After about 10 years in New York, a divorce, a car accident and a falling out with my creative community, I had to go somewhere and it just seemed like it was LA-o’clock for me. So, I did it. Showed up with nothing and after 2.5 years, have only managed to make a very meager life for myself. It should be noted here that I only wanted to live in LA to find a new audience for my shows and be around talented artists. I was never trying to “make it” here in any conventional way. I don’t even have a head shot because I’ve always done avant-garde work. I never thought you had to live in LA or NY to have success. I just like being around a lot of other talented artists. It fuels me. So, I gave it a shot.

Now, with only one week before I have to move, a few hundred dollars in my account, and no credit card, I am, quite literally, a mess. I have barely eaten. My nerves are so shot, I have thrown up my morning tea 3 mornings this week. I have been crying all day today because I am going to have to make a video asking for money in order to move. My agony over this is indeed double because I ALREADY have had a bad couple of years and asked everyone who loves me for help already. And not that I wanted to stay in LA, but at a certain point I couldn’t figure out how I’d get the money to leave either.

I can write a whole book on what I learned from my time in LA, but this particular experience I’m having is shocking to me. What kind of a world is it when artists decide to evict another unemployed artist during an international pandemic? It messes with my core belief that we artists are part of the same tribe. I don’t believe I could do that to someone, were the situation reversed. As someone 8–15 years older than the 5 other artists here, I’ve weighed the generational aspects; the fragility of millennials has been a treacherous sea of eggshells on which I’ve been trying to continue walking my path without much success. Though, in addition, there is no denying that proximity to money and power here in LA has a poisoning effect on art and community, which contributes to people being treated as disposable.

I was inspired to write this essay today after reading this New York Times article by Gabrielle Hamilton, the owner of the E. Village restaurant Prune, a place I am very familiar with. In it, she said: “the coronavirus did not suddenly shine light on an unknown fragility. We’ve all known, and for a rather long time. The past five or six years have been alarming.” She goes on to recount the slow demise of civility caused by instant gratification consumerist culture, while navigating rents rising like glaciers along the way. As a live entertainer, my heart ached with the familiarity of that story. The real, the quirky, the spontaneous, the innocent and un-packaged experiences that were full of synchronicity and poetry, seem like a distant memory. To me, artists (and other eccentrics, which I would consider Gabrielle to be) are like tree frogs in the rainforest. When the tree frogs start dying off, it’s a reflection of the health of the whole ecosystem. And this frog has been struggling to stay alive for a long time now. This situation is just exposing a problem that was already there.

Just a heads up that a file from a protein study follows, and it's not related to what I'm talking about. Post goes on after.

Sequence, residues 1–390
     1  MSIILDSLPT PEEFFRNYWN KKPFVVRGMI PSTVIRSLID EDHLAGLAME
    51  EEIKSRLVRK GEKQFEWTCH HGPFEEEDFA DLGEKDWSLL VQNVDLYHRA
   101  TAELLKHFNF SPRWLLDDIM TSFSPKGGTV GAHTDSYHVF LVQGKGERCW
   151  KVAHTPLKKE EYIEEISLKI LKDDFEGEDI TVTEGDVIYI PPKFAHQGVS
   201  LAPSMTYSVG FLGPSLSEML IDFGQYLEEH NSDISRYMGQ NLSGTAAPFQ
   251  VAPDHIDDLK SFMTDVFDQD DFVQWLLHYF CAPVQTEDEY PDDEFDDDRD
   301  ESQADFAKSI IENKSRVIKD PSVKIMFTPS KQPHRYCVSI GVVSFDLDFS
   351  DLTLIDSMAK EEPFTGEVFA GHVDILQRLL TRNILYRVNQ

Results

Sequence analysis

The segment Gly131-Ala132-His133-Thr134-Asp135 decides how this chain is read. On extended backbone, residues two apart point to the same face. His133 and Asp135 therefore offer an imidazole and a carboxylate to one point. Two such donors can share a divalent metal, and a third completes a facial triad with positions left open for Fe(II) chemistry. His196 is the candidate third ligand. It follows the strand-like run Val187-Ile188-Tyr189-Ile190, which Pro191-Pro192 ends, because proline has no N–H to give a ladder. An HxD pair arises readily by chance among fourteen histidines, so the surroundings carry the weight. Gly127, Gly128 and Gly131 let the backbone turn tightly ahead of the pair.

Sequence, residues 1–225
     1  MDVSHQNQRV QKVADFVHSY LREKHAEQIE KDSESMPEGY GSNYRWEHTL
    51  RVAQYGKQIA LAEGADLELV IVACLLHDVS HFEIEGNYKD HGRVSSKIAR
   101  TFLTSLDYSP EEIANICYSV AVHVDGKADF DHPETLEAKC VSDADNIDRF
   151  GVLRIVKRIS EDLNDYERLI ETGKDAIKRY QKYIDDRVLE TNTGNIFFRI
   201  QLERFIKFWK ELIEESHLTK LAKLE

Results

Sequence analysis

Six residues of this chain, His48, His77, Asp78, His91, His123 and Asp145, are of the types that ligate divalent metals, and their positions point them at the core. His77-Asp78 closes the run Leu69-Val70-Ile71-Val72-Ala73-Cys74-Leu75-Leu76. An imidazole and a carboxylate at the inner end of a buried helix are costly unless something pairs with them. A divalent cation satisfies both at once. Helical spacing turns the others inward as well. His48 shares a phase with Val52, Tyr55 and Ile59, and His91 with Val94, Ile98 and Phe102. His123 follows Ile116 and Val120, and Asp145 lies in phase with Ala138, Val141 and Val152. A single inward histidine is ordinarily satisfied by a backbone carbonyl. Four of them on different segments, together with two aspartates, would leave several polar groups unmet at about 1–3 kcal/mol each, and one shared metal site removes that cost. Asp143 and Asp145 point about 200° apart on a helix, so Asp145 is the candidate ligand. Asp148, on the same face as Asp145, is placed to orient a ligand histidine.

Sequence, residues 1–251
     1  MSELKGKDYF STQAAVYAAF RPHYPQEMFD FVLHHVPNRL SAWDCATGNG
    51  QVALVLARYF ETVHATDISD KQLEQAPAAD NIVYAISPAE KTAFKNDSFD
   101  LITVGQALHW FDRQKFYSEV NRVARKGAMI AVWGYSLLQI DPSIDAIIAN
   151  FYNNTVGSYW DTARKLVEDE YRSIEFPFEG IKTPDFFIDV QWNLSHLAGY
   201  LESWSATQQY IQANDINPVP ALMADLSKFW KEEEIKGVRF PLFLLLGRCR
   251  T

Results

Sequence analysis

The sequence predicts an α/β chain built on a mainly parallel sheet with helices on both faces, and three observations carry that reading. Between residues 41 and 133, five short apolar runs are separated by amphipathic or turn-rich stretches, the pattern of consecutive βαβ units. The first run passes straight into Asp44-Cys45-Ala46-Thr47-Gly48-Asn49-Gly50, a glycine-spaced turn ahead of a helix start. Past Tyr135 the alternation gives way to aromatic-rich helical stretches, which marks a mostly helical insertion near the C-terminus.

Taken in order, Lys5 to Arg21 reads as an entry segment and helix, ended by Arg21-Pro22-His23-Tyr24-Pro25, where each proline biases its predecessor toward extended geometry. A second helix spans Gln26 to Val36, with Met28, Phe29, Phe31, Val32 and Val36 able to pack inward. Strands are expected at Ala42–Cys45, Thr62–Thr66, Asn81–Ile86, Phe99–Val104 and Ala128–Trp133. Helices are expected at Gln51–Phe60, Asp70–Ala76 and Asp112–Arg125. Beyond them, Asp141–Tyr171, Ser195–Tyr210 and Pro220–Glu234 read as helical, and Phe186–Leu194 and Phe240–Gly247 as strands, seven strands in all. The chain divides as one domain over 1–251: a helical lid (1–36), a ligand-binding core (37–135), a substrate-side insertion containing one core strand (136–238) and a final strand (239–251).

Artists are also bringing comfort to everyone right now, as we all gorge on Netflix, books and music to make sense of things, distract or to inspire us. Many people, some of my family included, believe it’s indulgent, bordering on insane, for me to follow this path. In the past week I have been told that I am too old to try be sexy anymore, should give up performing, that I’m delusional, that I should sell/throw out all my costumes, that pursuing my creative career is like an alcoholic chasing booze, that I should give up and “get serious.” Practical advice from people that are close to me, but even they don’t actually understand what I do.